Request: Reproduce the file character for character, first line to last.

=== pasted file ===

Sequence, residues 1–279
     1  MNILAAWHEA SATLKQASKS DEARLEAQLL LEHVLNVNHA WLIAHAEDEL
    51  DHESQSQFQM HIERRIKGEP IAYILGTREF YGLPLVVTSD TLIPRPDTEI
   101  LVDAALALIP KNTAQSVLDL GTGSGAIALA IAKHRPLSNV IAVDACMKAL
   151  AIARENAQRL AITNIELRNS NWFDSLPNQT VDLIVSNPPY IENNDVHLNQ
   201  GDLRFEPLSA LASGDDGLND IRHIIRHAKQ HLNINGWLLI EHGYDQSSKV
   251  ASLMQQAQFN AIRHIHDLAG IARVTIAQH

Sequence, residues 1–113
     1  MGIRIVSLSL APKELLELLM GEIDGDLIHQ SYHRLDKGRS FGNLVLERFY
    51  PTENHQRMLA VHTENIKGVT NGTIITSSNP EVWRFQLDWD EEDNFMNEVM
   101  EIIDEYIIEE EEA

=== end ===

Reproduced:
Sequence, residues 1–279
     1  MNILAAWHEA SATLKQASKS DEARLEAQLL LEHVLNVNHA WLIAHAEDEL
    51  DHESQSQFQM HIERRIKGEP IAYILGTREF YGLPLVVTSD TLIPRPDTEI
   101  LVDAALALIP KNTAQSVLDL GTGSGAIALA IAKHRPLSNV IAVDACMKAL
   151  AIARENAQRL AITNIELRNS NWFDSLPNQT VDLIVSNPPY IENNDVHLNQ
   201  GDLRFEPLSA LASGDDGLND IRHIIRHAKQ HLNINGWLLI EHGYDQSSKV
   251  ASLMQQAQFN AIRHIHDLAG IARVTIAQH

Sequence, residues 1–113
     1  MGIRIVSLSL APKELLELLM GEIDGDLIHQ SYHRLDKGRS FGNLVLERFY
    51  PTENHQRMLA VHTENIKGVT NGTIITSSNP EVWRFQLDWD EEDNFMNEVM
   101  EIIDEYIIEE EEA